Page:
[Image courtesy of Keep Calm Studio]

9 thoughts on “The Journey: ABA and How I Feel about It Now

  1. So interesting. Even though I am not an autism parent, I have been dealing with my daughter’s severe development disabilities for nearly twenty years as well, and when I look back on everything that we did for her, all the classes, the therapies, the Floortime, the gyms, the alternative stuff — well, some of it makes me cringe at the sheer waste. I do believe that all that stimulation was, at best, a way to make her brain work and make connections and strive OVER the chaos of seizures. All the same, I don’t think I’ve ever gotten over the feelings of guilt that I haven’t done enough or didn’t do enough.

  2. It’s so interesting how we all have different reactions to things based on our experience.

    It hurts mine and my husband’s feelings when people ponder out loud (mostly relatives) if our child would have just “outgrown it” on her own. It feels like a broad sweeping dismissive of the struggle our whole family has endured to get her where she is today, and also of the struggle she still faces on a daily basis, from people who have never quite accepted us since we’ve had to “go out of the box” in every way for her.

    You were doing your very best getting him the best services available at the time, under very trying circumstances…with no map and little help. You did good mama. And yes, It was not one thing, it was everything, the most important being your steadfast, determined unwavering, beautiful love.

  3. Well said, Tanya, as always. We were right behind you, with a March 1998 D-day. It does not good to regret, but one can’t help but think what the lives of the siblings would have been like then, or now, had we been more available to them.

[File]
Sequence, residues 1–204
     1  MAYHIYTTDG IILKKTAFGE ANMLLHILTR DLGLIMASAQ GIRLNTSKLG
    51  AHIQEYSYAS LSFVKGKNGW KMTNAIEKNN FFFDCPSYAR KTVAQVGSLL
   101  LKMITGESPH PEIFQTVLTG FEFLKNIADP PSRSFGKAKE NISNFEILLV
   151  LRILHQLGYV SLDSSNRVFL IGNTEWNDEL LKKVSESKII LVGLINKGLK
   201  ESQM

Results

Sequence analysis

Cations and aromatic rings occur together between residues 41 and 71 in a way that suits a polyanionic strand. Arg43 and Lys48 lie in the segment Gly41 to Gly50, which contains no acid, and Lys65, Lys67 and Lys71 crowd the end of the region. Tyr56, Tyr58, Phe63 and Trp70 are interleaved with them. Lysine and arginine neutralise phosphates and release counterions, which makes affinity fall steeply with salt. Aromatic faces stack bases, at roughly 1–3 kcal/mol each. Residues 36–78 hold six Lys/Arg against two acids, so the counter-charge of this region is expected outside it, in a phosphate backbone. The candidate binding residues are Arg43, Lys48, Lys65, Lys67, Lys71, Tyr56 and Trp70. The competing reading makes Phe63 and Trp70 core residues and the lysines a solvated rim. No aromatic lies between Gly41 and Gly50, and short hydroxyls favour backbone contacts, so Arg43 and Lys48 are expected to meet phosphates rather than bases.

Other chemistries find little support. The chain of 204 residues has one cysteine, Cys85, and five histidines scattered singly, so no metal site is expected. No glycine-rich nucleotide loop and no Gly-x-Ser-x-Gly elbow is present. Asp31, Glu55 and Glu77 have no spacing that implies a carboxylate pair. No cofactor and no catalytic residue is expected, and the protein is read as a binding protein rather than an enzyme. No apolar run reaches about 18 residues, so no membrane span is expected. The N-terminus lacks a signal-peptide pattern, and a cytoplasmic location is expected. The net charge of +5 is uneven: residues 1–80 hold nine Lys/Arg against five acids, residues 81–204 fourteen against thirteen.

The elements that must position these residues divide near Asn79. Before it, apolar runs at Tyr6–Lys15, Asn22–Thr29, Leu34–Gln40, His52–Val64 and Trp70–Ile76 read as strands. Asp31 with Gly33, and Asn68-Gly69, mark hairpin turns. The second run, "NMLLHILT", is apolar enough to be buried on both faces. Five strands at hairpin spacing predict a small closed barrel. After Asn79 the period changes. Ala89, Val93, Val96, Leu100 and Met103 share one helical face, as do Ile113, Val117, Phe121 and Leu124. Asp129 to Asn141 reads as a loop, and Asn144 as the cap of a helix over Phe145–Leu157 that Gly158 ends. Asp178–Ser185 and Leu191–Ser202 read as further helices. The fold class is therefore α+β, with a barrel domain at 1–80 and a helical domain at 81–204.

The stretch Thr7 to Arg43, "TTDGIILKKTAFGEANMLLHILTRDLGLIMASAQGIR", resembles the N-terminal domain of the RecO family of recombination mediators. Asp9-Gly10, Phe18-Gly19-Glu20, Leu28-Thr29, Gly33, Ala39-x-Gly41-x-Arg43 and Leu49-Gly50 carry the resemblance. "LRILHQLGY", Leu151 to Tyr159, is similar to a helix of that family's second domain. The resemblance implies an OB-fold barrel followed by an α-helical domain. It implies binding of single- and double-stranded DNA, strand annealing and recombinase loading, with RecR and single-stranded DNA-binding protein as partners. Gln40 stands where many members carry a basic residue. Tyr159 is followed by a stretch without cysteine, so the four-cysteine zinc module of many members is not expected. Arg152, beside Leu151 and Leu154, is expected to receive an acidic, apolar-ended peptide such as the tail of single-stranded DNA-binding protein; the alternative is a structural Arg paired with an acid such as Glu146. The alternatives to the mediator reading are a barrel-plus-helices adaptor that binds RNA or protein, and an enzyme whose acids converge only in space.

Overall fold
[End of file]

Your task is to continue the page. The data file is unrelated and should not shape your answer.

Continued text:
4. Elizabeth, thanks so much for your comment. I agree – there are so many other things I could have done to try to help Nigel, various supplements and treatments – I, too, feel that I didn’t do enough. ​I think it’s the curse of parents in our shoes.

    Thank you, Michelle. I’ve been noticing that people have had different reactions to this post. I’m with you on other people interjecting what they think about how Nigel’s doing and what his needs are, and how “high-functioning” he is (always angers me; people have no idea of the reality unless they’ve lived it). I think what really upsets me looking back on his ABA-based therapy is the fact that the method of getting him to interact by rewarding him with gummy bears, etc., smacks of animal training, and I’m having a hard time reconciling that. That’s basically this post in a nutshell. And thanks, as always, for your unwavering support. I truly appreciate you.

    Thanks, Carrie. Yes, I always think about the siblings too. That’s really the only area I have tremendous regret. But, as you so wisely say, It does no good to regret. I’ll try to remember that. Love.

  5. Dear Tanya, Great article!
    I’m a parent of a child with autism too, my youngest of four.
    My son is now 16 years old and we had a lot of challenges and we still have.
    He is diagnosed with Asperger and P.T.S. Syndrome.
    He was always sad that he was different from other people, but now finally since last year he is satisfied with himself being a person with autism, he accept himself.
    That brought new chances for him and I was and am so happy about that.
    Never regret what you did or didn’t do that’s what I learned.
    At that moment you did it with your best intention.
    Regret is useless.
    I also let me diadnose last year and I have autism too.
    Fot me it’a relieve to find out and when I found out about my son when he was 8 years old it was a relieve too but also I was worried about his future.

    Thanks for your post and sharing.

    I wish you all the best.

    regards from the Netherlands,
    Marianne

  6. This is fascinating! As a parent you do everything you can to give your child the best life possible. That’s what all good parents do. It’s never a waste. It’s a process. A learning process for everyone. All components matter. It’s like sitting in a college class you thought was BS, but it mattered to get that degree. You sound like an awesome mom!

Leave a Reply

Your email address will not be published. Required fields are marked *